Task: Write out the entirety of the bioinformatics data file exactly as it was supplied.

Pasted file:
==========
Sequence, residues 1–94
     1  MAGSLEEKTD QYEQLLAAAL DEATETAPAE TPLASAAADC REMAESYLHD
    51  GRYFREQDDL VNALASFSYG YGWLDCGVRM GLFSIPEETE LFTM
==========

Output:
Sequence, residues 1–94
     1  MAGSLEEKTD QYEQLLAAAL DEATETAPAE TPLASAAADC REMAESYLHD
    51  GRYFREQDDL VNALASFSYG YGWLDCGVRM GLFSIPEETE LFTM